I often run into infected devices in my environment and would like to learn more about the specific infections that have gotten in. What are the best tools and techniques I could use to do this? I was thinking of taking an image of the device and creating a virtual machine so I could run tests, kill it and create a new infected vm from scratch.

2 Answers 2


Malware analysis should be done in a VM preferably disconnected from the Internet. This is mainly to protect your system, and stop it from spreading (if the malware has that capability). You can also use snapshots, or sometimes you can setup a VM to never keep state. VirtualBox is free and will do the job. VMWare Player is also free, but limited. Doesn't allow the use of Snapshots unfortunately.

There are various tools out there to help you with malware analysis. Being disconnected from the Internet can sometimes stop the malware from executing its malicious code. There are a couple of sandboxing tools that will listen on ports, and respond to network requests appropriately in order to coerce the malware into continuing its operation. The one recommended by Practical Malware Analysis is FakeNet. With FakeNet you can even design custom responses to proprietary protocols, and/or non-standard ports.

Cuckoo Sandbox is an open source tool that can provide analysis reports on the malware during its operation. It can track system calls, keep copies of files created (even if they're later deleted) by the malware, and give memory dumps of the entire system. A very powerful tool.

Most malware is packed so you'll want to make sure that you can unpack binaries, extract resources, etc. UPX is the most common. CFF Explorer is pretty handy for analyzing resources, and includes a UPX utility. You might want to checkout these 5 tools recommended by MAMB.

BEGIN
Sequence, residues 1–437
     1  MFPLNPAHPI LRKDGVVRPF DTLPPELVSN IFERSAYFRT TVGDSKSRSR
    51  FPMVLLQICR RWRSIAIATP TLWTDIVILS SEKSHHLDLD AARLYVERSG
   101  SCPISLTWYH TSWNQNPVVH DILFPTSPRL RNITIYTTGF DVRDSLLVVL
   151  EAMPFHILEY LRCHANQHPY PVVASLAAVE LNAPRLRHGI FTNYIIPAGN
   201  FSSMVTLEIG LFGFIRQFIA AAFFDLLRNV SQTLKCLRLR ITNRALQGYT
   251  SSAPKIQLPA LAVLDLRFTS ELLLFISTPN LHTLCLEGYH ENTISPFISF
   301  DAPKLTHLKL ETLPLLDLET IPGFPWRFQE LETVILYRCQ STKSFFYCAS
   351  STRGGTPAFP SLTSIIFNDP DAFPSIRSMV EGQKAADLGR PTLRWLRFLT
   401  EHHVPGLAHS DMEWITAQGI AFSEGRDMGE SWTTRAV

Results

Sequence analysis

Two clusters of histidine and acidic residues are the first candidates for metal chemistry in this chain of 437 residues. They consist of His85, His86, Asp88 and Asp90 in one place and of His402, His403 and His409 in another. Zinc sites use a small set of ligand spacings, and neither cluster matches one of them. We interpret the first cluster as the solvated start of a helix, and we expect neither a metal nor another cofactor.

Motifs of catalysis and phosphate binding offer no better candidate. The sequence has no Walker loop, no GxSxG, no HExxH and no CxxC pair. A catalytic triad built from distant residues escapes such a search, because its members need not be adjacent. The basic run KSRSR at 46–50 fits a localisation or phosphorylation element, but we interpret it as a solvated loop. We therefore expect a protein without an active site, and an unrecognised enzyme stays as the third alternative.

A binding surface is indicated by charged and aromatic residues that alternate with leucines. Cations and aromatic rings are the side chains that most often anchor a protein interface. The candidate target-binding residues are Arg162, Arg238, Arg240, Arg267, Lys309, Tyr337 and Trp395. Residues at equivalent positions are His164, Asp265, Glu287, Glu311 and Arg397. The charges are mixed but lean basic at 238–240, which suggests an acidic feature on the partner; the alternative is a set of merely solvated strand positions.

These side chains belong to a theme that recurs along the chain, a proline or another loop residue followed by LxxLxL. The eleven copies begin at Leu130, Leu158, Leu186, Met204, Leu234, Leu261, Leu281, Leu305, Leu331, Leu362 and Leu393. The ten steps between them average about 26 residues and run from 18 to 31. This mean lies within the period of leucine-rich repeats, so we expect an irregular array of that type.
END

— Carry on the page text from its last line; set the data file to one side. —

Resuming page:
These tools will give you a great look at what the malware is doing on a system. However, if you need to get down to the gritty details you'll want your ever popular IDA Pro. This is mainly for more complicated malware that you can't coerce into running. Some malware will start up in suspended threads to run later. Some just know that you're not connected to the Internet via their own checks. So you'll have to depend on the disassembly for figuring out what they're trying to accomplish.

Other tools that are helpful, debuggers. Windbg or Ollydbg are the two most common, but there are lots of options. Allows you to attach to the piece of malware while its running, set breakpoints, inspect memory, etc.


You could take a memory image with Moonsols DumpIt and analyze the image with Volatility. You can also use Mandiant Redline to collect a memory image as well and perform some generic analysis of what could be bad.

If you have a tap or span port setup you could go back and analyze the packets if you were doing full packet capture.

You could use sysinternals tools like autoruns, process explorer and process monitor to get a quick idea of what is going on.

Once you are able to isolate the malware you could copy that off and run it in a sandbox like malwr or in a safe VM like you mentioned. I would recommend checking out the book Practical Malware Analysis on how to safely setup a VM and what tools to use for both dynamic and static analysis.

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